A more traditional amusement park, Oaks Amusement Park is located along the Willamette River in Portland and is America's oldest continuously operating amusement park.  Opened in 1905, the park was conceived as an accompaniment to the Lewis and Clark Centennial Expedition and it attracted over 300,000 people during its first season.  Comprised of rides, arcades, a skating rink, a dance pavilion, and picnic facilities, the amusement park is open year-round.  Space can be rented for birthday parties or other celebrations; such rentals often include a "free rides" bracelet that allows the wearer to enjoy any ride on the property as much as they like.  Arcade games are generally a dollar for one round and the skating rink is a separate purchase.  The park has also hosted several outdoor concerts throughout its years and an annual Oktoberfest.  Anybody can enjoy the park and there is no entrance fee to access the park.  People often bring picnics and sit under the massive trees along the river without paying a dime.  It's an easy, inexpensive form of amusement for any family.

Sorry this is a day late, but enjoy nonetheless.  Blog on, fellow A-Zers!

Tuesday, April 23, 2013

T is for...Tillamook Cheese Factory

It's a beautifully sunny day here in Oregon...the perfect day to not be at work.  Alas.  I'm a little later than usual in my posting for today, but I have a good excuse :)  I spent most of my day stuffing envelopes at work (not a good excuse) and then giving away free books to promote literacy for World Book Night (a GREAT excuse).  I love this organization!  Check it out.

Moving on to today's T inspired Oregon landmark...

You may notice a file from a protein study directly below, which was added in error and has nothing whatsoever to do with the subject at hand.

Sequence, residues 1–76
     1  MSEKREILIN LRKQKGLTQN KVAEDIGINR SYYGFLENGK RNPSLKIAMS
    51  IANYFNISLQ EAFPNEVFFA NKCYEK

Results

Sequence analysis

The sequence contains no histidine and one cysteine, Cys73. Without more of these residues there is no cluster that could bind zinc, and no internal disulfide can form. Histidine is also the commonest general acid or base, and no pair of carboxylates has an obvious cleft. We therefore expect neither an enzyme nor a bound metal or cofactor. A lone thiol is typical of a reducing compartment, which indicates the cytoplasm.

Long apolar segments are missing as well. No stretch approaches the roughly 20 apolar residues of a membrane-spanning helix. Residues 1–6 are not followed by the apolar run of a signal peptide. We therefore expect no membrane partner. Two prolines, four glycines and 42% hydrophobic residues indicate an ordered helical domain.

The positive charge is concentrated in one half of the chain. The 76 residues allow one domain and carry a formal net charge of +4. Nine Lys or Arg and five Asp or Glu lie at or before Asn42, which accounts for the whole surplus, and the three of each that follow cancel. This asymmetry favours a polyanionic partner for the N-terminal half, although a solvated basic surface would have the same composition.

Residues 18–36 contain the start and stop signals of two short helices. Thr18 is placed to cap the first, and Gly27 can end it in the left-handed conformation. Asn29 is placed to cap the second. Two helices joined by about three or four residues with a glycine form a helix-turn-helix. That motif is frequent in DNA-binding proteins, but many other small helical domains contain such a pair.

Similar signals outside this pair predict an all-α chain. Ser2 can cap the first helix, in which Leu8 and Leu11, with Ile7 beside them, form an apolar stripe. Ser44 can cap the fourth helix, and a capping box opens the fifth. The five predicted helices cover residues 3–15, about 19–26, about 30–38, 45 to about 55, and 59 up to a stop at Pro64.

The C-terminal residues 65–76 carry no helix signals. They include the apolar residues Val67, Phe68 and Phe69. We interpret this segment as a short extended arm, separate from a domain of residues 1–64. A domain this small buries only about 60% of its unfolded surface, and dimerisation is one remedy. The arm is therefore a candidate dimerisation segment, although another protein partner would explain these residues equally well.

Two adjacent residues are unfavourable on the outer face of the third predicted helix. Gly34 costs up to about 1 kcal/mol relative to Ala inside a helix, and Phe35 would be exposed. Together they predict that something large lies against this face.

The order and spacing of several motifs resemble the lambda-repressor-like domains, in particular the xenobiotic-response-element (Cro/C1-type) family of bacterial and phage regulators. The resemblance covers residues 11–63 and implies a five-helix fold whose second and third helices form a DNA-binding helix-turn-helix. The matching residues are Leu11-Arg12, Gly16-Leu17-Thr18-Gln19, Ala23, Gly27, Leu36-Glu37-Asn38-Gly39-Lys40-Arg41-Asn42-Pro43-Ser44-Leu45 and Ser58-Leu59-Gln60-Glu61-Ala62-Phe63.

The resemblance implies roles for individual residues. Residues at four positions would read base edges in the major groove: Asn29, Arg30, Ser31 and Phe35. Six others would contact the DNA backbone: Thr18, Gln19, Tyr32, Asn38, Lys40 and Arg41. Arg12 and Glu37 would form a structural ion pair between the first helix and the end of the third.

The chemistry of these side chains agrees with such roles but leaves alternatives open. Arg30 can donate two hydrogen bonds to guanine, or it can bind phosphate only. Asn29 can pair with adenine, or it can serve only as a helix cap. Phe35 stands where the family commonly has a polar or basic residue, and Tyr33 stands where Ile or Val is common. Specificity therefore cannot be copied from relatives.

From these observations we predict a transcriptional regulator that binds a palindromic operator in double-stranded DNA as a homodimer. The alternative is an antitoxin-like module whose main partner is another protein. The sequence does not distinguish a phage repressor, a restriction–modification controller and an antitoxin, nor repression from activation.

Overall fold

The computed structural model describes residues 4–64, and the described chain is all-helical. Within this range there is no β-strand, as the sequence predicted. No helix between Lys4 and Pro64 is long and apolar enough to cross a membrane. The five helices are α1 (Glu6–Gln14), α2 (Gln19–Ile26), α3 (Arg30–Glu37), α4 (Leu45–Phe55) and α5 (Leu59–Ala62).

Tillamook Cheese Factory

Oh, cheese.  Glorious cheese!  The Tillamook Cheese Factory is, fittingly, located in Tillamook, Oregon along the Oregon Coast and Highway 101.  Founded a little over 100 years ago, the Tillamook Cheese Factory is the 44th largest dairy in the US and is sold from coast to coast, though more so in the West.  Making everything from their signature cheese products to butter, ice cream, yogurt, and sour cream, the brand won the gold medal at the World Cheese Championship Cheese Competition for Best Cheese in 2010 for their Tillamook Medium Cheddar, beating 59 older cheeses.  

The factory itself is open daily for self-guided/self-paced tours to the general public.  Admission is completely free and samples are abundant (that's the best part).  Going through the factory allows visitors to see the cheese making process, complete with the history of the company and region, the actual working machinery and it gives visitors the opportunity to try multiple kinds of cheeses.  Once you've gone through the factory and the cheese sampling line (you can go through as much as you like), you exit into the cheese gift shop where you can purchase any of the products produced by the factory, as well as multiple souvenirs.  Once you've made it through this portion (purchases are optional, of course), you have the opportunity to have a delicious scoop or two of Tillamook Ice Cream.  All of the choices are fresh and range from Peanut Butter Pistachio to Boysenberry and Marionberry and from your run of the mill Vanilla, Chocolate, or Strawberry...all with actual berries, nuts, and other accompaniments.  This is totally worth the lines.  Yum! 

Daily, the factory produces 167,000 pounds of cheese every day and over 1 million pounds in a week.  The factory has the capacity to age 50 million pounds of cheese at any given time.  Definitely shoot for a visit if you're ever in the vicinity.